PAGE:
Preemptively adding this common refrain from the Mastodon community at-large should indicate the culture of unsolicited mansplaining that is still prevalent.

The point is not that I’m trying to fit Twitter-shaped interactions into Mastodon. The point is I’m trying to make this social network engaging enough to use through a whole host of unofficial tools and esoteric processes.

Let Mastodon’s new server discovery experience be evidence pointing to that previous point.

This all said

If you take anything away from this post, it’s that I expend a tremendous amount of effort to try and make Mastodon work. This isn’t even beginning to get into the complexities of international IP law, server maintenance, and other difficult problems you need to contend with as an instance administrator.

Despite all this effort, I’m still not entirely convinced it is a place for me.

Mastodon has some deep problems that arise from its core architectural decisions. To be clear, so does Twitter. If you’re poised at your keyboard ready to tell me that Mastodon—a microblogging platform with following, replying, instant resharing, liking, rich media, and hashtag functionality—isn’t intended to be a Twitter replacement, please don’t.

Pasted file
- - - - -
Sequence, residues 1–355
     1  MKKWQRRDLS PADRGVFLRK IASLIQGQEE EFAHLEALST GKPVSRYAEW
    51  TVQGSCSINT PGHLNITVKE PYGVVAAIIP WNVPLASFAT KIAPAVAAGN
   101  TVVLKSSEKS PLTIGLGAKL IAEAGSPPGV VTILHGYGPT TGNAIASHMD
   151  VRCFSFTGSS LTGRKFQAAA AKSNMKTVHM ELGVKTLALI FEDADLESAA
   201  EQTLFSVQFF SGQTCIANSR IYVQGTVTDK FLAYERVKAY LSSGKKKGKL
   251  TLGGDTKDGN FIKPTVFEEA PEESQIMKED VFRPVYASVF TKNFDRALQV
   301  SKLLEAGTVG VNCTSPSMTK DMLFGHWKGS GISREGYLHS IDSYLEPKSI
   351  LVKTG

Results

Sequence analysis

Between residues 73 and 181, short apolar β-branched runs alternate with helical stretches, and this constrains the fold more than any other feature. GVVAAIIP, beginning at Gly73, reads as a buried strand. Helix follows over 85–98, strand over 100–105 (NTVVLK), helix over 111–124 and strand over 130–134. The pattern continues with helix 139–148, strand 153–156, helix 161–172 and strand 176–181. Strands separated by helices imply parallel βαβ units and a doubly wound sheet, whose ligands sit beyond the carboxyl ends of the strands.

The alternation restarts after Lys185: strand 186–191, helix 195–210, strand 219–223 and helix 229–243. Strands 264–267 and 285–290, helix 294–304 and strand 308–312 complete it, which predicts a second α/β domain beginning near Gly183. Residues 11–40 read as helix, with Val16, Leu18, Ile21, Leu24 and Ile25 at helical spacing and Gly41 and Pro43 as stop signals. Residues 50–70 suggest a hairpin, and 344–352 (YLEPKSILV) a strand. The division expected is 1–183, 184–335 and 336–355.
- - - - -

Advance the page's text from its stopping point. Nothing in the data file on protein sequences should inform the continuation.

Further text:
My biggest criticism and wish for the platform is a better way to discover and follow people who aren’t like me.

I’m not saying I want to be buried in a sea of folks who believe in the opposite of my political and philosophical ideologies. I want a relatively easy way to find interesting people doing interesting things outside of my immediate filter bubble.

Level of effort

Mastodon in its current state does not do this type of discovery well. This means the onus is on us, its users to undertake it.

That’s a non-starter for some folk, especially if they don’t skew towards working in tech or tech-adjacent fields.

I also feel that instances based on interest aren’t great either, in that people are far too complicated to be reduced in such a way. Because of this, I feel self-hosting is ultimately the way forward, but that is a different post for a different time.

Despite the previous thoughts, I plan on continuing to be on Mastodon, at least for a little while longer. If the kinds of things I say here interest you, consider following me over there at eric@social.ericwbailey.website.